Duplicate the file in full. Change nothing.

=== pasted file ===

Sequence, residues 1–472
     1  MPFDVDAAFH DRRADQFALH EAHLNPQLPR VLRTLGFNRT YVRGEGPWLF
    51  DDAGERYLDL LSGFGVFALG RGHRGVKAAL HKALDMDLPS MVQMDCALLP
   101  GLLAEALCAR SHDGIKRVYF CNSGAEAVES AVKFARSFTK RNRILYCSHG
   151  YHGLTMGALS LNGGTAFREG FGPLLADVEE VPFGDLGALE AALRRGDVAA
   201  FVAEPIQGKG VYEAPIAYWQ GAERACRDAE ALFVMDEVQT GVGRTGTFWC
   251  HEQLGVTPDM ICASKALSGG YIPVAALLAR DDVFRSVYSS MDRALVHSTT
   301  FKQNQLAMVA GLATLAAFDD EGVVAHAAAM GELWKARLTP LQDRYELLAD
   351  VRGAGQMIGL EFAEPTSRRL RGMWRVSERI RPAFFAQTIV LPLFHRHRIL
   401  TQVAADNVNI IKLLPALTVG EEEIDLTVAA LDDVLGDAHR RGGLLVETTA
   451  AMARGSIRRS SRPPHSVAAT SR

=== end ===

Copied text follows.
Sequence, residues 1–472
     1  MPFDVDAAFH DRRADQFALH EAHLNPQLPR VLRTLGFNRT YVRGEGPWLF
    51  DDAGERYLDL LSGFGVFALG RGHRGVKAAL HKALDMDLPS MVQMDCALLP
   101  GLLAEALCAR SHDGIKRVYF CNSGAEAVES AVKFARSFTK RNRILYCSHG
   151  YHGLTMGALS LNGGTAFREG FGPLLADVEE VPFGDLGALE AALRRGDVAA
   201  FVAEPIQGKG VYEAPIAYWQ GAERACRDAE ALFVMDEVQT GVGRTGTFWC
   251  HEQLGVTPDM ICASKALSGG YIPVAALLAR DDVFRSVYSS MDRALVHSTT
   301  FKQNQLAMVA GLATLAAFDD EGVVAHAAAM GELWKARLTP LQDRYELLAD
   351  VRGAGQMIGL EFAEPTSRRL RGMWRVSERI RPAFFAQTIV LPLFHRHRIL
   401  TQVAADNVNI IKLLPALTVG EEEIDLTVAA LDDVLGDAHR RGGLLVETTA
   451  AMARGSIRRS SRPPHSVAAT SR